After about half-a-year, the result of Carrie Fisher's autopsy has been publicized. Fisher, a pop culture icon who was popularized in the original Star Wars trilogy, died last December. On Monday, a report from the Los Angeles County coroner declared that drugs were involved in the actress' death.

A cocktail of drugs — including heroin, cocaine, ecstasy

Carrie Fisher experienced cardiac arrest while she was on a flight that was bound for Los Angeles. Officials on the plane tried to revive her for a full 90 minutes, but on that fateful December 27 morning, just before 9 am, the actress was declared dead.

Unbeknownst to many, Fisher was rushed to the Ronald Reagan UCLA hospital four days before that plane incident (Dec. 23). There was a toxicology report from the said hospital that showed a cocktail of drugs present in the actress' system. The report revealed that the mixture of drugs included MDMA (aka ecstasy), methadone, cocaine, opiates, and alcohol.

The autopsy was conclusive regarding the cocaine, saying that it had been consumed sometime within the 72 hours before the incident. The results of some tests show that Fisher was also exposed to heroin, but the exact dosage and the time it was introduced into her system cannot be pinpointed, so the coroners cannot determine the "significance" of heroin in her death.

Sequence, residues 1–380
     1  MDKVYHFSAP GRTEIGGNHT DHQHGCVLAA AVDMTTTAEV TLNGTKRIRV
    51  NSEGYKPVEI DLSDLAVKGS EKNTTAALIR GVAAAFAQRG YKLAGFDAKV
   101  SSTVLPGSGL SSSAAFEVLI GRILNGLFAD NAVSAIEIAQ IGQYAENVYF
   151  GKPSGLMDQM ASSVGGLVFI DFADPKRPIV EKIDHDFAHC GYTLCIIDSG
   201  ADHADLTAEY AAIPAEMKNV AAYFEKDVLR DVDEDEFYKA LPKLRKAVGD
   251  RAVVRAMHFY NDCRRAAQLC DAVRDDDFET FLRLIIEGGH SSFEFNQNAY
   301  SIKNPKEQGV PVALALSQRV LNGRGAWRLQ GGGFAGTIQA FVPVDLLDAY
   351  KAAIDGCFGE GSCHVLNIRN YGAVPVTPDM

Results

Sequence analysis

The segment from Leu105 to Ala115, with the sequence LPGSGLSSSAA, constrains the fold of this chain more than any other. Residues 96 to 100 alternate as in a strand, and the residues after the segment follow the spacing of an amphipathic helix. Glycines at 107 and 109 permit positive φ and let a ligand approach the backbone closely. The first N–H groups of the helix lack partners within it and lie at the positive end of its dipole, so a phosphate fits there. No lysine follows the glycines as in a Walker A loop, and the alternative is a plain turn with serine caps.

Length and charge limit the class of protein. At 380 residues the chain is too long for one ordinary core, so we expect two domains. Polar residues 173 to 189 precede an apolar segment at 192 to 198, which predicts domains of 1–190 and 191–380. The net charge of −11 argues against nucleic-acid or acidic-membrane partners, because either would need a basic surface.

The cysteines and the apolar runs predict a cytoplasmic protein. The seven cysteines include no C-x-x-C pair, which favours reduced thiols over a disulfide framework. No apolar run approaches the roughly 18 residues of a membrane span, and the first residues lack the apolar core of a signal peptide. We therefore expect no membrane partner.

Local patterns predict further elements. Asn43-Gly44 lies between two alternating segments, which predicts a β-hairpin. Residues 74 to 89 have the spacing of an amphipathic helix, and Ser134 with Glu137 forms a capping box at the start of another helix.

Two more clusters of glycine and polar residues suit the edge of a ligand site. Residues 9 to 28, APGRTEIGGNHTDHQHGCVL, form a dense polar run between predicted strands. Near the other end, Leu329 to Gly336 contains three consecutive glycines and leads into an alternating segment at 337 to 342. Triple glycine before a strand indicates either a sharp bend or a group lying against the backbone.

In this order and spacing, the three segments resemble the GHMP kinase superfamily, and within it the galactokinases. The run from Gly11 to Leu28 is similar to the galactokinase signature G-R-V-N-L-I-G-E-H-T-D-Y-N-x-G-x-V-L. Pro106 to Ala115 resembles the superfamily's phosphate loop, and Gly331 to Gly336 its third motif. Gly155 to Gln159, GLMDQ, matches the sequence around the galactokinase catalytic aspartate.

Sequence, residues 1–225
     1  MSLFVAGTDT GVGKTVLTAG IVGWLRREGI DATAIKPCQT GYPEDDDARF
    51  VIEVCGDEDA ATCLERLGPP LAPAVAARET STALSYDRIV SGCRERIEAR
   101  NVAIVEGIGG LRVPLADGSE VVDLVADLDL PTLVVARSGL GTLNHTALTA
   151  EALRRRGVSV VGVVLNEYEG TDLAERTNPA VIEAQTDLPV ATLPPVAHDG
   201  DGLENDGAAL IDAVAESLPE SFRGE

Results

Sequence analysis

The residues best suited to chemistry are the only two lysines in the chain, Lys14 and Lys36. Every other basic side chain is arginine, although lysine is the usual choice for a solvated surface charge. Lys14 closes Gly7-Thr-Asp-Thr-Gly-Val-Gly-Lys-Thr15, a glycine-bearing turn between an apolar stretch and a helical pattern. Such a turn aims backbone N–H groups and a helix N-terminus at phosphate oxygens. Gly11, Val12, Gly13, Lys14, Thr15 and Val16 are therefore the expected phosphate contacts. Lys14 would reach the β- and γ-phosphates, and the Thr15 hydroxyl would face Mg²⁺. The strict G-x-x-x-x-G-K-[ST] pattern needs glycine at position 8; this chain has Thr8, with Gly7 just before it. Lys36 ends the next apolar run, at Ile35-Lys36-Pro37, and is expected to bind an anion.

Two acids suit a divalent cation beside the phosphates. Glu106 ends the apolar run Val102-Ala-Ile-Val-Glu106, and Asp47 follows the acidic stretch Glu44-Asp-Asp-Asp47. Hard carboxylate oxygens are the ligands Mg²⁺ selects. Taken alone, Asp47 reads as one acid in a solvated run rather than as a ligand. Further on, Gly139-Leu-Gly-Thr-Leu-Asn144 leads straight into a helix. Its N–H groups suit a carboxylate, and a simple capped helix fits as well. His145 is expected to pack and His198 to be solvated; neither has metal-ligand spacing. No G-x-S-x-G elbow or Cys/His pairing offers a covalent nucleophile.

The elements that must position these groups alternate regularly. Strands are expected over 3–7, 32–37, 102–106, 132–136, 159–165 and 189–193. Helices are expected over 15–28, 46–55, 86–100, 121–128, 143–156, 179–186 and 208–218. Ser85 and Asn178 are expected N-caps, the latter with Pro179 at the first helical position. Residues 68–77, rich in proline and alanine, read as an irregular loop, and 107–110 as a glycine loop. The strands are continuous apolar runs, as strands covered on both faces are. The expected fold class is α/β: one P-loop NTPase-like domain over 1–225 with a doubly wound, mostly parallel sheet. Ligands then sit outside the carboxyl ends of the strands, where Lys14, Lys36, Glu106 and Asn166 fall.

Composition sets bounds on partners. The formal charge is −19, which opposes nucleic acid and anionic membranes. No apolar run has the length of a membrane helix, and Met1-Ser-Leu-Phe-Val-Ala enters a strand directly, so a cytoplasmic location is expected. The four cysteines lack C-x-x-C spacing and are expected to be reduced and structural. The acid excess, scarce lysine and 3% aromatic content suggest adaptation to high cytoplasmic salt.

Carrie Fisher's family 'not surprised' of her drug abuse

Sleep apnea was listed as the primary cause of Fisher's death, but with there also were other contributing factors, including atherosclerotic heart disease and her use of drugs. It has been confirmed that sleep apnea could be worsened by a contributing Drug Abuse, even leading to fatal results like this one.

According to the LA Times, all of these results were determined via CT scans of the actress' body — the family requested for the doctors not to dissect Fisher's remains.

Fisher's family does not seem at all surprised of the listed causes; in fact, they even acknowledged it. In a statement to People Magazine, Billie Lourd, Fisher's daughter, said that her mother's "entire life" was about battling drug addiction and mental illness.

Todd Fisher, Carrie's brother, responded to the autopsy report in a similar manner. He said that through the years, Carrie put her health in jeopardy "slowly but surely."

“I honestly hoped we would grow old together, but after her death, nobody was shocked,” Todd Fisher said.